CubCrafters will soon be providing aircraft for the U.S. Department of Agriculture. According to a media release from the Yakima, Washington-based aircraft manufacturer, this is the company’s first fleet contract for the modern, certified, CC19 XCub.
CubCrafters is known for its Part 23 certified “Cub-inspired but improved upon” designs as well as its light sport and experimental aircraft. The company was founded in 1980 by Jim Richmond, a backcountry pilot who made it his mission to build Cubs with more modern materials and manufacturing techniques.
The XCub will be used in place of the USDA’s fleet of 30-plus-year-old legacy Piper PA-18 Super Cubs that are currently in service.
The USDA utilizes turbine-powered helicopters and single-engine airplanes in multiple operations, such as the aerial application of herbicides, fertilizer and insecticides, surveying crops and wildlife, feeding fish, the application of seed in remote areas, and for support of wildland fire-fighting services.
Airplanes are usually significantly less expensive to operate than helicopters, said Brad Damm, CubCrafters’ vice president of sales and marketing, noting the operational cost of one of their Cubs is about $250 per hour while a turbine-powered helicopter runs approximately $2,500 per hour.
“The first two aircraft [for the USDA] are in production now and scheduled for delivery in August and September of 2023,” Damm said. “Under the contract, they have fixed price options to purchase additional aircraft in both 2024 and 2025. Our goal here at CubCrafters is to provide them with such a good platform (an aircraft that is more capable, more cost effective, and safer), that they ultimately replace their entire current fleet of around 40 legacy aircraft with the XCub.”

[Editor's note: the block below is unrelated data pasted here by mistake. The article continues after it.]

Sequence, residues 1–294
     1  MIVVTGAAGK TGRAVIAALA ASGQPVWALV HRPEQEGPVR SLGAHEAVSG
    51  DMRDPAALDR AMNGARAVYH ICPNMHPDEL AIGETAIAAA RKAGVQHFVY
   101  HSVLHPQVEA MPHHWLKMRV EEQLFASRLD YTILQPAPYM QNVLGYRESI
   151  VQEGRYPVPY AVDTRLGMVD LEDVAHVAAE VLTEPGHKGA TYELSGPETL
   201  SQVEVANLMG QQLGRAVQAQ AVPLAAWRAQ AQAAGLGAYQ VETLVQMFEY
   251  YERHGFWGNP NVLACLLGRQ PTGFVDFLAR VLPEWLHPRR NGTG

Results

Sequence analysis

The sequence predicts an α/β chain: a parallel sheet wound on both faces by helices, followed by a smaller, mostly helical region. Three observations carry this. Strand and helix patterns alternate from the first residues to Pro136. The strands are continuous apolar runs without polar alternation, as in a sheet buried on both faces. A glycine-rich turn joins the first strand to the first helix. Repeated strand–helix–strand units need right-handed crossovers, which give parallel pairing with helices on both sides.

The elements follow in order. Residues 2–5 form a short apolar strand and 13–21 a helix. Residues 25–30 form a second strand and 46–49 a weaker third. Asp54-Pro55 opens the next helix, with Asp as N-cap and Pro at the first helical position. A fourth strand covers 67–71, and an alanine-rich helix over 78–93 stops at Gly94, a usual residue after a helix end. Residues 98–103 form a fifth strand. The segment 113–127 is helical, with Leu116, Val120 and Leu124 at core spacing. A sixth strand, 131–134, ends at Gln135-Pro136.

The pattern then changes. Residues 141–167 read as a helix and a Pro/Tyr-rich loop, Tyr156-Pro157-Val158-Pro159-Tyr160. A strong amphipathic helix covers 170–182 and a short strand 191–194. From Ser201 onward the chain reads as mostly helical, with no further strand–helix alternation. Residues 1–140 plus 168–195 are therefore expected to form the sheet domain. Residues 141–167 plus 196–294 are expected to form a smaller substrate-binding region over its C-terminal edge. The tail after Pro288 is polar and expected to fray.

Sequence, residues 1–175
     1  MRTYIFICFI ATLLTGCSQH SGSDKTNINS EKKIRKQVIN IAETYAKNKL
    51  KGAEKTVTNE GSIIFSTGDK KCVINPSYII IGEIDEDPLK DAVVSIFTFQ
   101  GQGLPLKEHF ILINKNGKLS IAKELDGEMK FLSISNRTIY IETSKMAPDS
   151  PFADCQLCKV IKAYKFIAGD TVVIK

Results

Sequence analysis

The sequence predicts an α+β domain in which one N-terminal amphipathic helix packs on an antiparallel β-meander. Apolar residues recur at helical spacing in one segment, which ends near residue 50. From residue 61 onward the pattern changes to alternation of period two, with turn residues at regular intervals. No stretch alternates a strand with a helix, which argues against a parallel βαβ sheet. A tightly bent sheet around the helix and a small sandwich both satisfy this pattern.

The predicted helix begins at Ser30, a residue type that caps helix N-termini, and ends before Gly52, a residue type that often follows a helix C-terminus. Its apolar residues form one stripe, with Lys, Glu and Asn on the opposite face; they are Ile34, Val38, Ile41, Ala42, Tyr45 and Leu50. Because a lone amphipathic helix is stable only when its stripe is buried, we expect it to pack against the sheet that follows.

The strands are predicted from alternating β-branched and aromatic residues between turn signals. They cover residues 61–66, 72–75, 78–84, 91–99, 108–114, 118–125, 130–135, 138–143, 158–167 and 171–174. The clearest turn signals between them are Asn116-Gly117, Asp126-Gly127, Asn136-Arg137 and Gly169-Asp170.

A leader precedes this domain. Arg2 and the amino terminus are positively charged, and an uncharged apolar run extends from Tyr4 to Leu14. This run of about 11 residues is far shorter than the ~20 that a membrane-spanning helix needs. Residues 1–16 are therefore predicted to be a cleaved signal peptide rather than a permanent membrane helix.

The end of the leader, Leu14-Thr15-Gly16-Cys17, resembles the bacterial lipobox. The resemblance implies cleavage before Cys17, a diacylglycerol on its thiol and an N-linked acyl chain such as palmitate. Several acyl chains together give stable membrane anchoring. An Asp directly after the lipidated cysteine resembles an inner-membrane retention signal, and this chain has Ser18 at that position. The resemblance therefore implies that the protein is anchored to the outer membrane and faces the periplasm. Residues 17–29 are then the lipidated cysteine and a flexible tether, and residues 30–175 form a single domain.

The aircraft are equipped with a CubCrafters CC393i, a lightweight 4 cylinder 215 HP fuel injected engine with dual electronic ignition that CubCrafters developed for the XCub in partnership with Lycoming.
It is Damm’s understanding that the USDA aircraft will be somewhat customized for the intended mission.
“Probably the most exciting modification will be an experimental FLIR camera,” he said, “set up to display directly through the Garmin G3X, to help identify wildlife and increase pilot situational awareness in low light or low visibility situations.”
Damm noted that CubCrafters is hopeful this infrared (IR) technology could eventually be offered to the civilian market, noting it would provide a great pilot situational awareness tool for seeing terrain in low light or low visibility—for example, flying in the backcountry during a smoke event.
“The pilot would have both synthetic vision and enhanced vision on the G3X, in addition to what they could see out the windscreen. Similarly, in low light or at night, the IR camera allows a view of terrain that the human eye simply can’t see,” he said.
CubCrafters Popular with Pilots
Last summer CubCrafters announced the company was going public, with a goal to raise $50 million. Within a few days, 10 percent of that goal had been achieved, said Rod Turner, CEO of Manhattan Street Capital, adding, “It’s a true testament to the reputation CubCrafters has earned over their 40 years in business.”